The most annoying literary trend of the decade is the memoir that recounts one year in the author's life. Most of the "My Year of..." memoirs involve some sort of fraternity-style challenge—living according to the Old Testament, not buying anything, dating any man who asks. Noelle Oxenhandler has produced a breathtaking new low in the subgenre with The Wishing Year: A House, a Man, My Soul—A Memoir of Fulfilled Desire. It's exactly that simple: She wishes for a year and calls it a book.
But there are no bad book ideas; there are only bad writers. Unfortunately, Oxenhandler is a bad writer. More accurately, she's a bad observer, both of herself and of others. Early in the book, she claims to hate wishing for material gain. Not long afterward, she sees a Jaguar and throws the I Ching to determine whether she should buy it. The I Ching says not to buy the sports car, and she mourns the loss: "That night, the Jaguar prowls in my dreams in his bright darkness, giving off a greenish night sheen." Oxenhandler is a covert coveter.
And she molests just about every major religion in this book with misunderstanding, trivialization, or sheer idiocy. When it comes to faith, she's like a bratty toddler in a china shop.
She doesn't stop with religion, either: Oxenhandler really embarrasses herself when thinking about race. During her year, along with a house and "spiritual healing," Oxenhandler wishes for a man. The house practically drops into her lap, and she begins dating a man named Nicholas. Unfortunately, Nicholas, who Oxenhandler portrays as a kind of retarded middle-aged man-child, is racked with guilt: It seems his great-great-great-great-grandfather owned slaves and treated them cruelly. In a form of yuppie penitence, Nicholas works an unfulfilling, low-paying job and writes apologetic letters to the slaves' descendants.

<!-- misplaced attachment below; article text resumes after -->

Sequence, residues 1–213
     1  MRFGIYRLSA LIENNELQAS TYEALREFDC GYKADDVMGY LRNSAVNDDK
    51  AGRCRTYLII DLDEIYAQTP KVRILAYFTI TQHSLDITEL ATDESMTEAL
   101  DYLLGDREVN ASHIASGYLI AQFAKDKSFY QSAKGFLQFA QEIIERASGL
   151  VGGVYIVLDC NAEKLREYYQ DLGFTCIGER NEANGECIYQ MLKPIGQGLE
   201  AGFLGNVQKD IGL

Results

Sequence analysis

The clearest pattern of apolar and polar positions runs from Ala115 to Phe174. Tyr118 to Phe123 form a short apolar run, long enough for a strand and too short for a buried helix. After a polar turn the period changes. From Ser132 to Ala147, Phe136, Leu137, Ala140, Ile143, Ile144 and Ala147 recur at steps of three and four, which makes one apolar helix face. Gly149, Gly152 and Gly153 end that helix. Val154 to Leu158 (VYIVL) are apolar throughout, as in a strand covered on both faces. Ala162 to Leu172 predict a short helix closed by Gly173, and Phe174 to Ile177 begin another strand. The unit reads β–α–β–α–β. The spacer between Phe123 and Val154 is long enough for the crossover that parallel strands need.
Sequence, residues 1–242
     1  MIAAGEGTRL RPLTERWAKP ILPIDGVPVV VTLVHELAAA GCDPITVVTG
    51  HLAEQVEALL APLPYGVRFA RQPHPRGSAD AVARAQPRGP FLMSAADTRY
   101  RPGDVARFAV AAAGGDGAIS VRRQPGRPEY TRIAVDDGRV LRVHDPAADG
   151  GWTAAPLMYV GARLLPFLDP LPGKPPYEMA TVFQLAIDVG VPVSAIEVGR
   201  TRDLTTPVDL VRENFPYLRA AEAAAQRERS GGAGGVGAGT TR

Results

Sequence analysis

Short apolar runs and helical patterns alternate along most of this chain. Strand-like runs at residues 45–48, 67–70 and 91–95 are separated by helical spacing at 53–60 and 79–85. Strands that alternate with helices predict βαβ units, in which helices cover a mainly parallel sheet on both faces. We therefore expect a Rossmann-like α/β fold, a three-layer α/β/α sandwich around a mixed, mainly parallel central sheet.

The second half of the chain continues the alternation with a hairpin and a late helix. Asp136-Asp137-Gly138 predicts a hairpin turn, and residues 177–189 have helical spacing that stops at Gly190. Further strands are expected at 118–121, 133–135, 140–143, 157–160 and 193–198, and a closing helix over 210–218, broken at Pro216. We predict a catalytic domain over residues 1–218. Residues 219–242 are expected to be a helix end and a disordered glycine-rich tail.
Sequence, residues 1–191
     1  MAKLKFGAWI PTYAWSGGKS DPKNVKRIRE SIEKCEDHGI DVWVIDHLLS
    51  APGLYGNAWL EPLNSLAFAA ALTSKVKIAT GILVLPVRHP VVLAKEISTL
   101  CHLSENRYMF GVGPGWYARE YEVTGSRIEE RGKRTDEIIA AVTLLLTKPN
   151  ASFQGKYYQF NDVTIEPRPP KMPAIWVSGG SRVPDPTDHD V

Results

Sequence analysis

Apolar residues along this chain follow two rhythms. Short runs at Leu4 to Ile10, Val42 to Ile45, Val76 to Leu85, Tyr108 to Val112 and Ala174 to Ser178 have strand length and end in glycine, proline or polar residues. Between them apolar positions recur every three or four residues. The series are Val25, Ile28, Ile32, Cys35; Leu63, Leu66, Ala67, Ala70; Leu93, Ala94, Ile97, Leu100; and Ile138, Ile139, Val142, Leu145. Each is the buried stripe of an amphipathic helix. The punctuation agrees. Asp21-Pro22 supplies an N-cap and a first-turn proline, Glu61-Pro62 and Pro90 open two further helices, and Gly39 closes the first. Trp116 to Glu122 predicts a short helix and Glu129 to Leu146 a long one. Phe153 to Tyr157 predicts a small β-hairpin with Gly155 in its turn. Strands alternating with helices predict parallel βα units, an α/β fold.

One day, as Oxenhandler is making pancakes for her poor, beleaguered man, she imagines that Aunt Jemima appears before her and says, "He has to stop punishing himself." Oxenhandler is exceedingly relieved that the African-American syrup advertisement has absolved Nicholas of generations of slave-owning guilt, and she goes about the happy work of intervening in his life. Aunt Jemima reappears at several points to bless her journey.
Along the way, there are dry stretches where Oxenhandler explains the history of wishes and wishing, and there are maddening bits, like where she admits to cheating on her ex-husband with her Zen teacher or buys a pair of fluorescent purple Crocs to celebrate a trip to Hawaii.
You know what I wish for, Noelle Oxenhandler? I wish I could unread your book.
Noelle Oxenhandler reads Thurs July 17, Elliott Bay Book Company, 7:30 pm, free.